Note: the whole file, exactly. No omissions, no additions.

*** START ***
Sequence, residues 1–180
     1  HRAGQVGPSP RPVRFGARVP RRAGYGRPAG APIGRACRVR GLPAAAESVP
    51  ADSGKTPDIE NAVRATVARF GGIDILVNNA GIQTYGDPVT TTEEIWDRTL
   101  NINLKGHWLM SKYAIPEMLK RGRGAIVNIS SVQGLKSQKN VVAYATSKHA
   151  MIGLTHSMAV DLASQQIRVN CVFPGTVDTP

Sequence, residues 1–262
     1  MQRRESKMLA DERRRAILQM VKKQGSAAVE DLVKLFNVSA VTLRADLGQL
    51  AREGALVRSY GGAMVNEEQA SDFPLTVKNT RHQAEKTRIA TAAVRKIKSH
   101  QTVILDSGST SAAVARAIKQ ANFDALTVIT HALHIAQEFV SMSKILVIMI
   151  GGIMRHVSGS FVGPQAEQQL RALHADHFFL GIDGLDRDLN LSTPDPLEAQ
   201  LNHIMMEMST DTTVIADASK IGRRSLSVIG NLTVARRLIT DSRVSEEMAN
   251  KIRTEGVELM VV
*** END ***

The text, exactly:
Sequence, residues 1–180
     1  HRAGQVGPSP RPVRFGARVP RRAGYGRPAG APIGRACRVR GLPAAAESVP
    51  ADSGKTPDIE NAVRATVARF GGIDILVNNA GIQTYGDPVT TTEEIWDRTL
   101  NINLKGHWLM SKYAIPEMLK RGRGAIVNIS SVQGLKSQKN VVAYATSKHA
   151  MIGLTHSMAV DLASQQIRVN CVFPGTVDTP

Sequence, residues 1–262
     1  MQRRESKMLA DERRRAILQM VKKQGSAAVE DLVKLFNVSA VTLRADLGQL
    51  AREGALVRSY GGAMVNEEQA SDFPLTVKNT RHQAEKTRIA TAAVRKIKSH
   101  QTVILDSGST SAAVARAIKQ ANFDALTVIT HALHIAQEFV SMSKILVIMI
   151  GGIMRHVSGS FVGPQAEQQL RALHADHFFL GIDGLDRDLN LSTPDPLEAQ
   201  LNHIMMEMST DTTVIADASK IGRRSLSVIG NLTVARRLIT DSRVSEEMAN
   251  KIRTEGVELM VV